No matter how powerful this Rambo-style ammo stockpile makes you, the bullet physics are too screwed up to make it really matter. Hit detection is horrible, and you can rarely tell when you are actually putting bullets into the aliens you are fighting. This makes the game mostly spray and pray. You only really fire in an enemy’s general direction and hope to god your bullets hit.

Battle: Los Angeles Screenshot

Grenade physics are wonky too. Your character must have been a baseball star because grenades shoot out of you like you used a grenade launcher. This means that you frequently underestimate your throws and eventually realize that you should be targeting your enemies with grenades the same way you target them with your gun: by pointing straight at them. That makes no sense!

The game follows the movie pretty much perfectly. Sometimes you are escorting civilians to safety; other times you cover Staff Sergeant Nantz (the main character from the movie) as he does something crazy; and yet other times you are trying to blow up enemy air craft with a rocket launcher. You even get to play the big finale where you call in a missile strike on the enemy command center, and that’s pretty cool.

The game’s biggest problem is its length. The game is a little over thirty minutes long. That’s it. And in those thirty minutes, the game actually manages to hit every major scene from the movie. This just makes me hate the movie more! What sort of epic pacing fail do you have to accomplish for a thirty-minute video game to tell the exact same story your two-hour movie did? That means the movie was an hour-and-a-half of padding and trailers.

Outside of my movie-induced rage, the game itself runs the spectrum from slightly bad to outstandingly mediocre. The best parts of the game are really just missions that other FPSes have done better, but the worst parts are pretty much the same thing. The game never goes into the zone of outright horrible; it’s just that there’s nothing special here either.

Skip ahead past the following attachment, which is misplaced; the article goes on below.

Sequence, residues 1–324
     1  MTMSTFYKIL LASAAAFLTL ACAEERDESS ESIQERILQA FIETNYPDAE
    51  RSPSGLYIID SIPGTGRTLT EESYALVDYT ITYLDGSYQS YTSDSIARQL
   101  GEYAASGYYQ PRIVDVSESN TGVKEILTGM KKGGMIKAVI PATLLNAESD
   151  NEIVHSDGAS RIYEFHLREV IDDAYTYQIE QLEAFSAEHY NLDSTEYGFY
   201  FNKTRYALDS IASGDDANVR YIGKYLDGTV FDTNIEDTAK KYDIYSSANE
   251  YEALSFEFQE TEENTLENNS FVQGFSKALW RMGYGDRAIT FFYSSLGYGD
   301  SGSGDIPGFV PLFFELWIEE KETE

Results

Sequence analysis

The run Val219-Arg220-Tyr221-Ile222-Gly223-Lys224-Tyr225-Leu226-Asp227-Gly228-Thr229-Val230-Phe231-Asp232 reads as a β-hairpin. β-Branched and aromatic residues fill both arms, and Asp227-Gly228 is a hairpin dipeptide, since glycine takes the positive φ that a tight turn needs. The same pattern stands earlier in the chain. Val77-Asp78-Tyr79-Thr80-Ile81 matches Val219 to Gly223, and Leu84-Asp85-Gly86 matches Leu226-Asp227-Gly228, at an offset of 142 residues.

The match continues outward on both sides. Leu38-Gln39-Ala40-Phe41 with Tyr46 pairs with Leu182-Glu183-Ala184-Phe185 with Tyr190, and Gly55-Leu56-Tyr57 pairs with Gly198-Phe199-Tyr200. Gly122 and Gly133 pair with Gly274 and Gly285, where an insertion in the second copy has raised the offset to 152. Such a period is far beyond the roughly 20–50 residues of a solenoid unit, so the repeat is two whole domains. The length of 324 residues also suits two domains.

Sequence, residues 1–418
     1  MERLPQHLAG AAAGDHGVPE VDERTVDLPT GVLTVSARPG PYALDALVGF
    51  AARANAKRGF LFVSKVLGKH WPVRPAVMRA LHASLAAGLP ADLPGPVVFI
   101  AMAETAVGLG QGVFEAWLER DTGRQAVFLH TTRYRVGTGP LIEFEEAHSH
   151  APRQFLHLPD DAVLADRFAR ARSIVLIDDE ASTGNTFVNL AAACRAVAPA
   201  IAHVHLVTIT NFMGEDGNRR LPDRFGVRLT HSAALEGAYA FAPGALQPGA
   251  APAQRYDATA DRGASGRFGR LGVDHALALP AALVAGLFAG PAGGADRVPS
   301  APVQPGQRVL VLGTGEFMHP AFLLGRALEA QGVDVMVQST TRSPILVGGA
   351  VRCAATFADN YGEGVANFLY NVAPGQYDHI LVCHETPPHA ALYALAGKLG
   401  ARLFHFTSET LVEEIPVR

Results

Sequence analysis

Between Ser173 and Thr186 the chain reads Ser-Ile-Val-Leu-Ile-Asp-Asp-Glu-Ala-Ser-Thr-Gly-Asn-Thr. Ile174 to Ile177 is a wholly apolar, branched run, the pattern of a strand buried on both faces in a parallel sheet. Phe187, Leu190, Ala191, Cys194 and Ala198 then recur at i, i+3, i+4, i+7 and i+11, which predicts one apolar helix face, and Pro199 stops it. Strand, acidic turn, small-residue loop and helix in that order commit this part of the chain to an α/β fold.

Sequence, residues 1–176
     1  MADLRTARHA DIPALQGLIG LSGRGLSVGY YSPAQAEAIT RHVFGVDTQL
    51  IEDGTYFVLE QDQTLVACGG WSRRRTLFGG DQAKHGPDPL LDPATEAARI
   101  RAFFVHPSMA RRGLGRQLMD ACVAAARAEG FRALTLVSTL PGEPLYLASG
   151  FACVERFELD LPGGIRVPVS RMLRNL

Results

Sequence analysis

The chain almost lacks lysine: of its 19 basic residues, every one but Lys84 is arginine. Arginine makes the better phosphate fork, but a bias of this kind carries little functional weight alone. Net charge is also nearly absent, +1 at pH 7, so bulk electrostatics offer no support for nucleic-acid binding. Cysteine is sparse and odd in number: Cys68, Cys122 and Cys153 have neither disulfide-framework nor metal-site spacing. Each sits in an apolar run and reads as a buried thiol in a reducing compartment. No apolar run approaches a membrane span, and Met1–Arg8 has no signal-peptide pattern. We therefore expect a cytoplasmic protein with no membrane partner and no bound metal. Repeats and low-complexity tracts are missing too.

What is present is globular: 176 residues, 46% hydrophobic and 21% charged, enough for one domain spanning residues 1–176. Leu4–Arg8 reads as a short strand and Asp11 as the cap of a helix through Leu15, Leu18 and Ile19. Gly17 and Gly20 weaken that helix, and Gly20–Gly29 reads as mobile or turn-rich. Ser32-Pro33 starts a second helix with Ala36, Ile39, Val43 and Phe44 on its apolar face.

Think about this for a second. You have the option of spending ten dollars on a mediocre thirty-minute shooter or a bad two-hour movie. In the long run, I think I would choose the shooter over the movie, even though it was obviously made for fans of the movie. If I had a third option, I would probably choose burning my ten dollars and watching the flames over either of these experiences, but if you really want to experience the story of an alien race invading the earth for its water via L. A., Battle: Los Angeles is about as good as you’ll get.

Though there are some cool visual moments, most of the game is filled with generic textures and awkward animations. 3.5 Control
It’s hard to screw up a basic “aim down sight” shooter interface, but the lack of hit confirmation and weird grenade physics do detract from the game. 3.2 Music / Sound FX / Voice Acting
The music is the same music from the movie, but the sounds and voices experience a notable drop in quality from their big screen interpretations. 1.5 Play Value
The game is thirty minutes long and costs ten dollars. That’s thirty three cents a minute to play this game. You’ll get better value out of a psychic hotline. 3.0 Overall Rating – Fair
Not an average. See Rating legend below for a final score breakdown.

Review Rating Legend
0.1 – 1.9 = Avoid 2.5 – 2.9 = Average 3.5 – 3.9 = Good 4.5 – 4.9 = Must Buy
2.0 – 2.4 = Poor 3.0 – 3.4 = Fair 4.0 – 4.4 = Great 5.0 = The Best

Game Features:

  • Assume the role of US Marine soldiers fighting to save the city of Los Angeles from an alien threat.
  • Use grenades, machine guns, sniper rifles, turrets, and rocket launchers to defeat your enemies.
  • Experience the movie scene for scene!